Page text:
The Scientific Analysis Bureau provides serology and forensic DNA analysis using the most modern DNA scientific services for the examination of crime evidence to identify or exonerate individuals. Forensic DNA analysis involves testing of biological samples left at a scene to determine a DNA profile which can then be compared to the known profile of an individual or entered into the Combined DNA Index System (CODIS), a national database of DNA profiles, to search for a potential match. DNA analysis is offered at the Central, Southern and Northern laboratories.
To reduce backlogs and provide timely investigative information, a triaged approach for evidence submission has been implemented. This will allow DNA Casework to channel resources to focus on the most crucial evidence for every case and provide a quicker turnaround time for all customers.
Violent Crimes cases: DNA evidence for cases involving a violent incident that results in injury (bleeding) or death. For initial evidence submissions of Violent Crimes cases, the lab will process up to 5 items of evidence per case (plus any known standards). Should more than 5 items be required for any case (complex scene, multiple victims/assailants, etc.), please contact the laboratory to discuss the case prior to submitting.
Sexual Assault cases: DNA evidence for cases involving a sexual assault. For sexual assault cases, initial evidence submission should be the Sex Assault Kit (SAK) collected by medical personnel. Once the SAK has been processed, additional items of evidence may be processed as needed. If no SAK was collected, initial evidence submission should be up to 5 items of evidence.
Property Crimes cases: DNA evidence for cases involving an incident of stolen, damaged property, etc. or non-injury related persons crimes (e.g. armed robbery). For initial evidence submissions of Property Crimes cases, the lab will process 1 item of evidence per suspect in a case (plus any known standards).
Known Standards: known standards are needed for all cases requiring DNA analysis. Known standards, sometimes referred to as a DNA reference sample, should be 2 swabs collected from the inner cheek of an individual. Except for sex assault and biological standards kits, all known standards should be submitted in a package separate from crime scene evidence and each known standard must have its own item number. Additionally, package the 2 swabs in a swab carton labeled accordingly. Seal this swab carton in only one large outer manila envelope. Suspects believed to already be in CODIS are still required to have a known DNA standard collected and submitted to the laboratory for comparison purposes. Whenever possible, please submit known DNA standards at the same time crime scene samples are submitted to the Lab.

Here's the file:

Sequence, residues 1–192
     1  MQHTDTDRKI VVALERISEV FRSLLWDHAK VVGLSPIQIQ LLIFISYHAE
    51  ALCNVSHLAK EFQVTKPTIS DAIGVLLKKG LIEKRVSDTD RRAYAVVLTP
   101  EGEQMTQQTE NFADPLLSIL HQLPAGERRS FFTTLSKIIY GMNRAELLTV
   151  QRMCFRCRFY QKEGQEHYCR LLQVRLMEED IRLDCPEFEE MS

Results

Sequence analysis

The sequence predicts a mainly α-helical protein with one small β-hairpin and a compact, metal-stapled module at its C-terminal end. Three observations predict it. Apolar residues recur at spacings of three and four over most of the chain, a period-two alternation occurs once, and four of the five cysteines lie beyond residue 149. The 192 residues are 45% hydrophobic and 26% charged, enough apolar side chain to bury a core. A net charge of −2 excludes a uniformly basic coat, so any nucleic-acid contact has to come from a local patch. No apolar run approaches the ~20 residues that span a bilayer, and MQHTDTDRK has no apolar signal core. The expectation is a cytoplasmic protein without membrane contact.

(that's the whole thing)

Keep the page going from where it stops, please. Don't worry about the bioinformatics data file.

Touch DNA - DNA from skin cells left behind when a person touches or handles an item or surface.
Buccal Swabs – (Pronounced “buckle”) swab(s) collected from the inner cheek of the mouth to use as a known DNA sample. Any swabs collected other than from the inner cheek are not buccal swabs. Do not use convicted offender and arrestee kits for casework submissions. DNA profiles from offender and arrestee submissions cannot be used for casework comparisons.
Serology Analytical Protocol
Serology Training Manual
DNA Analytical Protocol
DNA Quality Manual
DNA Training Manual
Forensic Biology Report Wording Guidelines
The Combined DNA Index System is the DNA database utilized in the United States. Created and maintained by the Federal Bureau of Investigation, it involves various levels of databases at local, state and national levels which allow searching of unknown DNA profiles against other unknown forensic profiles, convicted offender profiles, and arrestee profiles.
The Scientific Analysis Bureau serves as the State Combined DNA Index System (SDIS) Database for Arizona and uploads an average of approximately 22,000 convicted offender and arrestee samples into CODIS each year. This analysis is provided at the Central laboratory.
CODIS Procedures Manual
CODIS Standard Operating Procedures
DNA Database Analytical Protocols
DNA Database Quality Manual
Familial DNA analysis is a deliberate search of convicted offender and arrestee DNA profiles to identify candidates who are potential close biological relatives to an unknown DNA profile. A statistical comparison is completed to accomplish this, providing analysts with a list of candidates for further analysis who have a higher statistical likelihood of being relatives of the unknown profile. Once this additional analysis is complete, investigators are provided with a list of any remaining candidates for further investigation.
The Scientific Analysis Bureau provides familial DNA analysis in select cases at the Central laboratory. Arizona is the twelfth state to offer this type of testing.
Familial DNA Analysis Flyer
Familial Search Policy and Procedures Manual
Rapid DNA is technology that allows for the multiple steps of DNA analysis to be consolidated in a single instrument and performed very quickly (within 2 hours). The Department of Public Safety was the first state agency to bring Rapid DNA analysis online as a law enforcement program where officers and crime scene technicians are trained in the use of the Rapid instrumentation. These Rapid operators can then run select types of crime scene samples outside of the laboratory in order to develop investigative leads more quickly than possible through normal crime laboratory analysis.
The Scientific Analysis Bureau provides training and support for this statewide Rapid DNA program through the Central laboratory and has Rapid instruments located for use at the Central and Southern laboratories.
Rapid DNA Law Enforcement Program Flyer